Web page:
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Ernst & Young Firepower report sees a 'growth gap' for traditional pharmacos
In its second year, the E&Y Firepower Index is a measure of companies’ capacity to fund transactions, based on the strength of their balance sheets, subject to some assumed debt/equity formulas, and to changes in the stock price of the buyer. By (somewhat artificially) subdividing global life sciences companies into “Big Pharma,” “Big Biotech” and “Specialty Pharma” and then analyzing the financial wherewithal of the companies, E&Y’s Global Life Sciences Center (New York) can assess the relative capacity of each of these sectors. And by then matching up company revenues with overall pharma sales, E&Y can pinpoint which sectors are under- or overextending themselves.
The answers that come back from this analysis indicate that while all three sectors saw increases in transaction firepower due to higher stock prices nearly across the board, Big Pharma made relatively little use of that firepower in 2013, while Specialty Pharma, in effect, overspent, participating in roughly 40% of M&A deals (based on deal value); Big Pharma participated in only 16% of deals.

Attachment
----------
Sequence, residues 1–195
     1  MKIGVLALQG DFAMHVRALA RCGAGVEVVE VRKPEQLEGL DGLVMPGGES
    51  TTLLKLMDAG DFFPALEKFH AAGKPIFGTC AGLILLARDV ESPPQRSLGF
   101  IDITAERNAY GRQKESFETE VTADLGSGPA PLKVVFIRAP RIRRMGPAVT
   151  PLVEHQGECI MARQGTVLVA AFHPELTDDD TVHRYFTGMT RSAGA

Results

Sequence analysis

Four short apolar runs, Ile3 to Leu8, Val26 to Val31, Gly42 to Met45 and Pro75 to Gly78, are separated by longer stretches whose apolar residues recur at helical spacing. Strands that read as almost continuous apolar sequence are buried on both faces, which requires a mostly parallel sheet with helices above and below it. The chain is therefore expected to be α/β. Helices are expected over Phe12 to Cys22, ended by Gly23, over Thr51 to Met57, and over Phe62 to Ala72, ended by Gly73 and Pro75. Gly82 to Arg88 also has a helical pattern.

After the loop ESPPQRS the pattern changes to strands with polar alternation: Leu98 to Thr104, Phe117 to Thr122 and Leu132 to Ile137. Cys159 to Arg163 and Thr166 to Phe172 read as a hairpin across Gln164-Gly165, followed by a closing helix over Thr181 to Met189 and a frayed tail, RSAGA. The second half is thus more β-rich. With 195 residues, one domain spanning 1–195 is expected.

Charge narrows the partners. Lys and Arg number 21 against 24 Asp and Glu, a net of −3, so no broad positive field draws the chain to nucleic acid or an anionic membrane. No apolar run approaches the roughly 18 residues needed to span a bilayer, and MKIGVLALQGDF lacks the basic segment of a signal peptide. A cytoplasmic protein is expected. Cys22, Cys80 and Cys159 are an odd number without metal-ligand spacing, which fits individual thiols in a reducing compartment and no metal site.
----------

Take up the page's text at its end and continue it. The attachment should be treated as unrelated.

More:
Looking ahead, E&Y sees a “growth gap” for Big Pharma—its proportion of overall pharma sales is not keeping up with overall market growth, to the tune of $100 billion in annual sales. The reasons for this are well known: declining revenue for drugs going off-patent (E&Y calls this the “patent cliff hangover”), disappointing sales of newly patented products and decelerating emerging markets, among others. “In 2013, M&A deal values rose about 30% over 2012, to more than $85 billion,” says E&Y, “but Big Pharma executed only a handful of small (less than $5 billion) bolt-on deals . . . Meanwhile, Big Biotech and Specialty Pharma companies continued to punch above their weight [and] accounted for more than 80% of M&A activity.”
Already in the new year, the trend continues: Forest Laboratories (which E&Y categorizes as “Specialty Pharma”) has announced a $2.9-billion bid for another specialty company, Aptalis.
The Burrill Report, which measures global M&A activity in life sciences sectors including med device, issued a report that total M&A activity hit $131.8 billion in 2013 (of transactions of $20 million or more), up 21% in value but down by just a hair in number of deals.
"With strong shareholder returns and robust pipelines at a few companies, big pharma was largely absent from M&A in 2013," said Glen Giovannetti, EY's Global Life Sciences Leader. "As they face significant growth challenges ahead, pharma companies will need to become more acquisitive, but the growing strengths of big biotech and emerging pharma are leading to both increased competition for deals and more expensive targets."